Despite stigma, stimulant meds for ADHD do not encourage children to use drugs later in life

New research in JAMA Psychiatry found no association between taking Ritalin and struggling with substance use

By Nicole Karlis

Senior Writer

Published July 18, 2023 9:00AM (EDT)

Methylphenidate 10mg pills. Used in treatment of ADHD and narcolepsy (GIPhotoStock via Getty Images)
Methylphenidate 10mg pills. Used in treatment of ADHD and narcolepsy (GIPhotoStock via Getty Images)

Attention deficit hyperactivity disorder (ADHD) is one of the most commonly diagnosed psychiatric disorders in children, yet many parents are resistant to giving their kids certain prescription medications designed to treat it. One of the most prevalent fears is that prescribing stimulant medications could lay the groundwork for substance use in the future, including illicit drug use.

However, such medication is often a firstline treatment as ADHD symptoms start in childhood before the age of 12. For some children, methylphenidate, commonly known by the brand name Ritalin, is the best option. It can relieve ADHD symptoms that impair a child's functioning in school, in addition to interfering with forming and keeping friendships. Stimulant drugs are used to help children focus and pay attention better.

The Drug Enforcement Administration classifies some stimulant medications as schedule two substances, meaning they may induce euphoria and can be addictive. Naturally, many parents may be concerned how this plays out as a child gets older. Nonetheless, despite its classification, taking stimulant medications as a child is not associated with substance abuse issues later in life, according to a new study published in JAMA Psychiatry.

"I hope that parents and providers will be able to use this to have a bit of a sense of relief," co-author Dr. Brooke Molina, a professor at the University of Pittsburgh School of Medicine, told Salon. "That if they feel for the circumstances of the child that they're treating or parenting, that stimulant medication is indicated, that they can have some sense of relief that they're not adding to the existing risk that children with ADHD already have for substance use disorder by giving them stimulant medication."

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Molina and her colleagues analyzed 579 patients with ADHD over a 16-year period between childhood, adolescence and adulthood to see if there was any connection between taking stimulant medication and subsequent substance use. During the time period, Molina and her colleagues interviewed the children and parents, and collected data and questionnaires from their teachers and schools.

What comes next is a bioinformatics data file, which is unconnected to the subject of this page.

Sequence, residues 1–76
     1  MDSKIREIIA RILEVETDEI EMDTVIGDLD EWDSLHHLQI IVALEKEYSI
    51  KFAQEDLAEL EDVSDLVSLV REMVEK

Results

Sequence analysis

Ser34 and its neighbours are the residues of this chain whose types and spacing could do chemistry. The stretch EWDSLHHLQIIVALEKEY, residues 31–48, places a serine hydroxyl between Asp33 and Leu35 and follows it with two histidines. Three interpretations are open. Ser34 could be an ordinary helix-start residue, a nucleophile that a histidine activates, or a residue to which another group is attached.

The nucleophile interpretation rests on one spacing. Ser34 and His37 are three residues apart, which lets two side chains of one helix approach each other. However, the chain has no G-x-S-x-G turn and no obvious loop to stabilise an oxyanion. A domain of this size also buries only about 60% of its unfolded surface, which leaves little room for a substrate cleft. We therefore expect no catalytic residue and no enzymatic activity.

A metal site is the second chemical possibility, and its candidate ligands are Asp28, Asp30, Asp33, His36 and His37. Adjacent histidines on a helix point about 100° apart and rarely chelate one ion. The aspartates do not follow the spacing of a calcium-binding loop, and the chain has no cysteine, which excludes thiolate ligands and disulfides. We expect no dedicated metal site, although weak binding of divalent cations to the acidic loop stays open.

Molina and her colleagues found there was no association between stimulant treatment and substance use

"The data that we have for these children is extensive, that is what created a really helpful opportunity for us to address this particular question: which is, 'Are children with ADHD who are treated with stimulant medication being put at risk for having an elevated likelihood of substance use or substance use disorder?'" Molina said. "And one of the things that was particularly useful about this data set is that we had very detailed records on their substance use."

Molina and her colleagues found there was no association between stimulant treatment and substance use. In Molina's study, she and her colleagues looked at the data multiple ways to confidently land on their conclusion. Despite looking at the data from multiple angles, they found no association.

"I hope that parents and providers will be able to use this to have a bit of a sense of relief."

"Our study not only accounted for age, but also used a statistical method that adjusted over time for the many characteristics that may distinguish treated from non-treated individuals," said study co-author Traci Kennedy, Ph.D., assistant professor of psychiatry at the University of Pittsburgh School of Medicine, in a press statement. "Considering these factors allowed us to more accurately test the relationship between stimulants and substance use."

As Molina alluded, children with ADHD have an elevated risk for substance abuse. But Molina compared it to being the child of a parent who struggles with alcoholism.

"Just because you have a mother or a father who has or had alcohol use disorder, by no means does that mean that you are going to have it," Molina said. "But you have an elevated risk."

Notably, Molina's study didn't find there are "protective effects" of stimulant medication, either.

"There are a lot of strong beliefs out there that taking medication, starting it early and taking it for longer and taking it consistently will lead to better long term outcomes," Molina said, adding that would generate the hypothesis that children treated that way would have a lower likelihood of substance use disorder as adults. "So we didn't find that and that's something that will surprise some of the readership."

ADHD diagnoses have consistently increased since the 1990s. Roughly one out of every 10 children and adolescents between the ages of 3 and 17 living in the U.S. have a current ADHD diagnosis. As a follow-up, Molina will be exploring one big limitation of the study.

"We followed individuals from childhood being treated in childhood to older ages, but we don't have children in this study whose treatments started in adolescence or in adulthood," Molina said. "And that may be a different kettle of fish."


By Nicole Karlis

Nicole Karlis is a senior writer at Salon, specializing in health and science. Tweet her @nicolekarlis.

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